Infrastructure investment: safer bridges or wider highways?


Michigan has 1,354 structurally deficient bridges. This means that one of every nine bridges in the state fails the Federal Highway Administration’s inspection, according to Transportation for America’s new report The Fix We’re In For.

Over 300 of these deficient bridges are located within SEMCOG’s jurisdiction, and 24 of them hold more than 50,000 travelers a day. Additionally, there are instances of deficient bridges along I-96, I-94, and I-75, which carry over 100,000 cars daily.

Meanwhile, SEMCOG’s 2040 plan intends to use a large portion of its $40 billion budget to widen I-94 and I-75.  The goal of these projects is to improve traffic flow and reduce congestion, but the effectiveness of more lanes along these corridors is questionable.  The expansion also comes at the cost of leaving hundreds of deficient bridges and miles of poorly maintained roads to further deterioration.

bad bridge ypsi

Ypsilanti’s Cross Street bridge is a critical connection for traffic, pedestrians and transit alike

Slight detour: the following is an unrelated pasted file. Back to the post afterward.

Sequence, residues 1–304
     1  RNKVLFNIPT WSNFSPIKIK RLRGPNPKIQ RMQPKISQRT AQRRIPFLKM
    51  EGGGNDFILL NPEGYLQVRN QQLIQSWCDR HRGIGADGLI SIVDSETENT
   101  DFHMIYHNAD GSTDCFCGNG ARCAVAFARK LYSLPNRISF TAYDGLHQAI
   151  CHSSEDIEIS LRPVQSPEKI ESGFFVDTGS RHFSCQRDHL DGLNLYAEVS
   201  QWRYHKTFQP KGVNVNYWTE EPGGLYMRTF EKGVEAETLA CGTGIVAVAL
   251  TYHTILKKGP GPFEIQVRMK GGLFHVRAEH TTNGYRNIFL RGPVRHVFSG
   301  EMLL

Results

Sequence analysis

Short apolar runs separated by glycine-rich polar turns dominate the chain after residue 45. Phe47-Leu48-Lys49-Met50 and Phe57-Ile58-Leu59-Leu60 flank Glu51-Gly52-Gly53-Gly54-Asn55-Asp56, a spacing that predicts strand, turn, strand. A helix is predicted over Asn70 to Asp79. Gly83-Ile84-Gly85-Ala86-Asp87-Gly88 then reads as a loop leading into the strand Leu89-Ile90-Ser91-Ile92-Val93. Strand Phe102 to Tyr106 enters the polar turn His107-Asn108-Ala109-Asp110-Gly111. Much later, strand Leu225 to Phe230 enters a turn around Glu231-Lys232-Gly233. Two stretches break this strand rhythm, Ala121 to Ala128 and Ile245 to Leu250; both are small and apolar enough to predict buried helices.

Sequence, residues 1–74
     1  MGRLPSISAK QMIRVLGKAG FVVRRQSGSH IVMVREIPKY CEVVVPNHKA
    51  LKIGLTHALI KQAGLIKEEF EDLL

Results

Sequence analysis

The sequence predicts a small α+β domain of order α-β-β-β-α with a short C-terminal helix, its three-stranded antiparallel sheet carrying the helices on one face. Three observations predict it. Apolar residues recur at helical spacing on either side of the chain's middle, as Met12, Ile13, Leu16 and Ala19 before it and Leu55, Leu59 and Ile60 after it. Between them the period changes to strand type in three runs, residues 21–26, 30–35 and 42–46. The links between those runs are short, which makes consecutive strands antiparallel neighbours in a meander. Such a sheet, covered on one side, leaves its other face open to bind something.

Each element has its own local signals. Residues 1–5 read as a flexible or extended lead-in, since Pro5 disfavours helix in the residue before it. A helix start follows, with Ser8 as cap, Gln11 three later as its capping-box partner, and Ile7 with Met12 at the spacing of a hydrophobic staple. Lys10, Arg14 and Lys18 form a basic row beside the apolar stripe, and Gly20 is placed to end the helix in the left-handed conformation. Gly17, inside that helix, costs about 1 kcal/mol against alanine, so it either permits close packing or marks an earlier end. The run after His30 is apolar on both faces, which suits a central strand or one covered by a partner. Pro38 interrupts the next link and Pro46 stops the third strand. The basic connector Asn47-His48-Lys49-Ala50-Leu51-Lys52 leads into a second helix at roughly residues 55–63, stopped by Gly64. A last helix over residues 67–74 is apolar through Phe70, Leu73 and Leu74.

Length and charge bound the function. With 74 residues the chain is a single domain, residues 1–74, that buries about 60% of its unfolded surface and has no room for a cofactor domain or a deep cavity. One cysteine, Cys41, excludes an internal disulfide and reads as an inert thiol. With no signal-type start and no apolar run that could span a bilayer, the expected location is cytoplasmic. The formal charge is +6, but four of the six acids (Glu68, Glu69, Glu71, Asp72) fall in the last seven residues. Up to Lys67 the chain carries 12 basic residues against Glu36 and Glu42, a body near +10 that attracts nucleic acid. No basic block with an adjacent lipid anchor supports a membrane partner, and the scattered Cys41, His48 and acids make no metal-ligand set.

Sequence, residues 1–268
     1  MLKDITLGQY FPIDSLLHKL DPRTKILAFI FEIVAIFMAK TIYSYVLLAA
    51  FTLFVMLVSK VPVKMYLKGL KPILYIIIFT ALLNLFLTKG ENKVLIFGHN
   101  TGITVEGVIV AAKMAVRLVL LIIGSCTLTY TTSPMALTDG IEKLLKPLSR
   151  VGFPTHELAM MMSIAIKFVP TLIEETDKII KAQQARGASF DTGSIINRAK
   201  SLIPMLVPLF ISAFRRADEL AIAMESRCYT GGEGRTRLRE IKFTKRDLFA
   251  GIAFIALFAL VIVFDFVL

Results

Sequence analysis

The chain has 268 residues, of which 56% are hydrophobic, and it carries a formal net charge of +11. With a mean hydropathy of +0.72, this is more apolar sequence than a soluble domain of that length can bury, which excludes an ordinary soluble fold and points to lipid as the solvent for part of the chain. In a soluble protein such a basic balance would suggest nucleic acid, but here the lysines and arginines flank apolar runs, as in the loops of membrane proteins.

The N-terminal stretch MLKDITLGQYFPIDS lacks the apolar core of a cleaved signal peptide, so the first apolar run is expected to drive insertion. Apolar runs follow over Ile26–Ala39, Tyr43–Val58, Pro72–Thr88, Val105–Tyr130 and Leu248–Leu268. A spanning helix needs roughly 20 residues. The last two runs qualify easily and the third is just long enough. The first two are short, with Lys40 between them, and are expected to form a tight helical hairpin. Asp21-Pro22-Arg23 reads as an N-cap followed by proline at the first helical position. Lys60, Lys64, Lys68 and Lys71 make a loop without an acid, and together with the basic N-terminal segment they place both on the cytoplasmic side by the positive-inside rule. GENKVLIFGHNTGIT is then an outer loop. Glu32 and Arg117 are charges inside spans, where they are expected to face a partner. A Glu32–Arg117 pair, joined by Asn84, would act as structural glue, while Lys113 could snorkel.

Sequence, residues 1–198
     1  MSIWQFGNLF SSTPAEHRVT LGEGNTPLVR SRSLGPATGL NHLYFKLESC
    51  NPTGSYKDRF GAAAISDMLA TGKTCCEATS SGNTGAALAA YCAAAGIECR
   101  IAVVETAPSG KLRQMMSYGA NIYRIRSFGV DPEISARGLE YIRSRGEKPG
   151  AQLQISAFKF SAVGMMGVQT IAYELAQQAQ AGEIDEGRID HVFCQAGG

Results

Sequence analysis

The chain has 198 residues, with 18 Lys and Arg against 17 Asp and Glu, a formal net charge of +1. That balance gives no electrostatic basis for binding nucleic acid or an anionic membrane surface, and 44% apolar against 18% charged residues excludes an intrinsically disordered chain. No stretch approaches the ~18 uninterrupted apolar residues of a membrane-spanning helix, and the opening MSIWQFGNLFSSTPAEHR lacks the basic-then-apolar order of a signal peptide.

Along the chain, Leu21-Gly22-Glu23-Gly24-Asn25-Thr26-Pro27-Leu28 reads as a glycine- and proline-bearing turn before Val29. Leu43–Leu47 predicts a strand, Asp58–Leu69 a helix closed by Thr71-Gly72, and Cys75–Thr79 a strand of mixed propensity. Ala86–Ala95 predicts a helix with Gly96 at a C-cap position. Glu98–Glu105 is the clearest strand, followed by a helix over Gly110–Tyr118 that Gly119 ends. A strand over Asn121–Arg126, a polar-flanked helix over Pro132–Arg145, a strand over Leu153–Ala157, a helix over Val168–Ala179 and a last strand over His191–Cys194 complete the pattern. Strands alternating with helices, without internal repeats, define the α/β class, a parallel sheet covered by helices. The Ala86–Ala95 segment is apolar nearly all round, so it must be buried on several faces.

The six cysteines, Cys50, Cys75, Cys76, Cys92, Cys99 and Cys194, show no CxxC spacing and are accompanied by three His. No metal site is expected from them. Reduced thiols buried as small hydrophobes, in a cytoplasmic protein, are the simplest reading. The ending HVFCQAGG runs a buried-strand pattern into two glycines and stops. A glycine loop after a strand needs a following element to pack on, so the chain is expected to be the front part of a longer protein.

A number of examples throughout the country have demonstrated that widening highways and increasing carrying capacity is only a short-term fix.  Building more lanes creates more traffic and congestion than previously existed, a process known as deposited demand. Road widening projects also cause further reduction in connectivity.  Downtown Detroit has suffered from neighborhood segmentation by four interstates, and the I-94 expansion will create an even greater barrier between our increasingly vibrant downtown and Midtown corridors.  Three pedestrian bridges and nine road bridges stand to be removed, further isolating nearby neighborhoods from each other. Communities like Hazel Park and Madison Heights can expect to suffer similar impacts from the I-75 expansion.

Southeast Michigan has hundreds of bridges carrying thousands of travelers each day, and we need to ensure their safety. Governor Snyder emphasized the need to fix our crumbling infrastructure in his State of the State address. By adopting a “fix it first” approach to transportation, we can further encourage our legislators to spend on safety and quality of current infrastructure, instead of pushing neighborhoods further apart with expansive highways.

The SEMCOG meeting is taking place 3 p.m. this Thursday in Detroit at the Antheneum Suite Hotel. It is free and open to the public, and a Facebook group is planning to organize opposition to the highway expansion projects. For more information check out the Facebook event page here.





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